Cornel West announced in early June that he was running for president of the United States as the candidate for the People’s Party and then as aspiring to be candidate of the Green Party. This series of articles explores the experience of Black political candidates. In Part 1 of this article, we looked at the reaction of the left to West’s candidacy. In Part 2 we turn to look at the experience of four Black presidential candidates in 1968. In this Part 3 we look at the campaign of Shirley Chisholm in 1972.
Shirley Chisholm for President (1972)
The most important Black candidate of the radical 1960s and 70s, if we judge by votes and delegates, was Shirley Chisholm. A civil rights and feminist activist from the Afro-Caribbean community of New York City, Chisholm was the first was Black woman elected to Congress in 1968 and in 1972, and she sought the 1972 Democratic presidential nomination in order to fight for race and gender equality. She represented something new: a Black feminist politician.
Shirley Anita St. Hill Chisholm who was born in 1924, lived part of her childhood in Barbados, and later grew up in a Afro-Caribbean family in Brooklyn. Her father, Charles Christopher St. Hill, was a laborer from Guiana and her mother, Ruby Seale St. Hill, was a seamstress from Barbados.
In part, Chisholm’s left-of-center politics came from her family; her father was an ardent follower of Marcus Garvey, the Caribbean Black Nationalist and Pan-Africanist whose movement was large and influential in New York. Her father’s politics instilled Shirley with a strong sense of racial pride. a strong sense of racial pride. In addition, her father’s role as a union shop steward gave her an appreciation of the role of unions in improving workers’ lives.
But Chisholm’s politics were also a product of the time, the rise of the post-war African American civil rights movement. While a student at Brooklyn College just as World War II broke out, Chisholm had joined the Harriet Tubman Society, founded a club for Black students, and joined the Brooklyn NAACP and Urban League.
Ambitious, he decided to at Columbia University, and graduated in 1951 and graduated with master’s degree in early childhood education. After become a director of day care centers, she became active in League of Women Voters, the National Association for the Advancement of Colored People (NAACP), the Urban League, and the Democratic Club in Bedford-Stuyvesant, Brooklyn. (Barbara Winslow, Shirley Chisholm: Catalyst for Change [Westview Press, 2014], pp. 12-26.) Chisholm launched her own political career in the early sixties and in1964 was the second African American elected to the New York State Legislature followed by her election to the US. Congress in 1968, the first black woman ever elected to that that body.
Her congressional career was remarkable. As her biographer, Barbara Winslow, writes:
Chisholm entered Congress with a clear social and political agenda that was far more ambitious than those of most of her liberal colleagues. She envisioned an expanded welfare state: programs for the poor, the unemployed, and underserved children; greater access to higher education and more federal support for public education and health care. (Winslow, Shirley Chisholm, p. 76.)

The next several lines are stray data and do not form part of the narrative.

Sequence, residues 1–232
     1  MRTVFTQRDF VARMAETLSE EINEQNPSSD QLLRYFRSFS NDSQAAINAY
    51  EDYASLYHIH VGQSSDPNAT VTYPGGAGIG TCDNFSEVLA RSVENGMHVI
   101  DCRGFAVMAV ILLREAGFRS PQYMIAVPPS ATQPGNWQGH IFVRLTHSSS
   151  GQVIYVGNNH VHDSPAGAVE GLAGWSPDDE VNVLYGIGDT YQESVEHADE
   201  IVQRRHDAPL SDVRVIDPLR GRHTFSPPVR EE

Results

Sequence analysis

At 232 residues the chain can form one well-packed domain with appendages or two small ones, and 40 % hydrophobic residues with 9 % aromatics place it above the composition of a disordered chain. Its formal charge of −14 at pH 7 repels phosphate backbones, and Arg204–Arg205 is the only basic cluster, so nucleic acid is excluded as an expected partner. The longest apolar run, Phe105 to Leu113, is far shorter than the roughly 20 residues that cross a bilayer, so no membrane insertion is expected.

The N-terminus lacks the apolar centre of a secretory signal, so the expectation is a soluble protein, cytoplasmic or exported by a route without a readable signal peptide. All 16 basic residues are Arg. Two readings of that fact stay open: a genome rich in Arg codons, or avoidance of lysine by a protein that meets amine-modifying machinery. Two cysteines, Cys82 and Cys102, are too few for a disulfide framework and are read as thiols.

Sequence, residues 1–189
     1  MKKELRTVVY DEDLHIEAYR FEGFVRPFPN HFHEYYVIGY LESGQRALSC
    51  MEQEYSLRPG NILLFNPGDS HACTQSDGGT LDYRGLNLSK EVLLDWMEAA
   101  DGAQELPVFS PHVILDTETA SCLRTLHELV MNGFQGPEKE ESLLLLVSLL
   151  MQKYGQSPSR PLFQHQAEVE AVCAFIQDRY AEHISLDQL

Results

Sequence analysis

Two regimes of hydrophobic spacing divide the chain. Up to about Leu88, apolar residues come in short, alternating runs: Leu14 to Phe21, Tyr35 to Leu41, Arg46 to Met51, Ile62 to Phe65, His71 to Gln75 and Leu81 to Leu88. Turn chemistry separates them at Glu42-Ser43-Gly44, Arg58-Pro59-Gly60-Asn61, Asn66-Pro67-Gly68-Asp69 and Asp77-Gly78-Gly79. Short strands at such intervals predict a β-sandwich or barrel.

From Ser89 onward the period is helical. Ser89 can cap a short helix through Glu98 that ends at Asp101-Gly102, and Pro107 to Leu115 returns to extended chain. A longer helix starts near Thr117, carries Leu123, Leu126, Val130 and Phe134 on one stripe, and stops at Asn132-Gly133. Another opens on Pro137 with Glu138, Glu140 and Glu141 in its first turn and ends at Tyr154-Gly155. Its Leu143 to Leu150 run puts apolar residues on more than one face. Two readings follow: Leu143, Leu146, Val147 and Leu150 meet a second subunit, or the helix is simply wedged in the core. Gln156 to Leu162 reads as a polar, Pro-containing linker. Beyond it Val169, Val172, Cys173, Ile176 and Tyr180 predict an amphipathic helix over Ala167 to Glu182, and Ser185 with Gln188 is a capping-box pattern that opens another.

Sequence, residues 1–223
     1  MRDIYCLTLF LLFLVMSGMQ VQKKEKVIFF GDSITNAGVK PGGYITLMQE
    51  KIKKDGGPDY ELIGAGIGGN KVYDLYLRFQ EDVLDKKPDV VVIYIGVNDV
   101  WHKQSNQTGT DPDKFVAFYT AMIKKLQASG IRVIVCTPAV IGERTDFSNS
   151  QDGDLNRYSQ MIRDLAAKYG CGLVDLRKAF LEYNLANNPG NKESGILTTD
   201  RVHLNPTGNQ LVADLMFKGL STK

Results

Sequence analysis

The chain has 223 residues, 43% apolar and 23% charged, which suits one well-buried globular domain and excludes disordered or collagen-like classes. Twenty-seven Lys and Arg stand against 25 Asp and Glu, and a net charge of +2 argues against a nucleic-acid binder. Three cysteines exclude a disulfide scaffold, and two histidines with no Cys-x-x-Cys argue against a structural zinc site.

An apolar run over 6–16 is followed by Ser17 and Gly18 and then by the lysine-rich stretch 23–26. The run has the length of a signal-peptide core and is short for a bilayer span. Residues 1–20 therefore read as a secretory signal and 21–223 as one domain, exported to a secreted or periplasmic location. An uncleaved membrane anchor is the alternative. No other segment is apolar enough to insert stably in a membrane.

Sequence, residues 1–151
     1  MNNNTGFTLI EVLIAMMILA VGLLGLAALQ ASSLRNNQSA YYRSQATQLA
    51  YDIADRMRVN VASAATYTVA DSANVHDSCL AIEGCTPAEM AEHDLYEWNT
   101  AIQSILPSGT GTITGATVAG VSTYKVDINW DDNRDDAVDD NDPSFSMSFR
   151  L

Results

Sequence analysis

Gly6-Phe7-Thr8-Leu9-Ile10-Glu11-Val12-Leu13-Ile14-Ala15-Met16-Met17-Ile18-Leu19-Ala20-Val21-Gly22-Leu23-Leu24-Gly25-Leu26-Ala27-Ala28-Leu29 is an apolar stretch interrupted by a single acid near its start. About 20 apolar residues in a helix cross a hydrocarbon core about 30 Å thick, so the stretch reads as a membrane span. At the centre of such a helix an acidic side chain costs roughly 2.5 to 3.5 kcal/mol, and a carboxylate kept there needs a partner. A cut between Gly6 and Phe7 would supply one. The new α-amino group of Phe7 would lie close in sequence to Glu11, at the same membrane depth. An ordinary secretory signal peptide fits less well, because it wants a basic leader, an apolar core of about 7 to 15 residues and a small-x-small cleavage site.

In her maiden congressional speech, speaking as a woman and a teacher, Chisholm explained why she would vote against every military funding bill.
As I take this stand today, I am joined by every mother, wife and widow in this land who ever asked herself why the generals play with billions while families crumble under the weight of hunger, sickness and unemployment. We must force this administration to rethink its distorted, unreal state of priorities. (Winslow, Shirley Chisholm, p. 80.)
She also took a stand against the Internal Security Act’s preventative detention section that would allow the government to carry out the preventive detention of political dissidents. She pointed out that during the Second World War and unlike German citizens who had not been rounded up, Japanese Americans had been incarcerated “because of the color of their skin.” She expanded that:
Today it is not the Ku Klux Klan or the [crime] Syndicate whose doors are being kicked in, it is the Black Panthers. Skin, skin, skin color, gentlemen, that’s the criteria. It makes us special targets. (Winslow, Shirley Chisholm, p. 81).
During her Congressional service, Chisholm—a cofounder of the National Organization for Women in 1970—also became a strident voice of the feminist movement. It was she who in 1970 reintroduced in the House of Representatives the Equal Right Amendment (ERA). She called upon women to act:“ Women must do it themselves. They must become revolutionaries.” (Winslow, Shirley Chisholm, p. 83.)
She also courageously called for abortion rights, which were opposed not only by conservatives, but also by both the traditional leaders of the civil rights movement and the Black Nationalists. Sh explained just how important freedom of choice was for working class women, especially those who were Black and Latina. She became the honorary president of the National Association for the Repeal of Abortion Laws (NARAL, Pro-Choice America). She proposed federal abortion rights legislation and supported repeal of New York’s restrictive abortion law. The Supreme Court’s Roe v. Wade decision in 1973, which legalized abortion at the federal level, was due to the strong pressure that Chisholm and many other feminists exerted. (Winslow, Shirley Chisholm, 86-88.)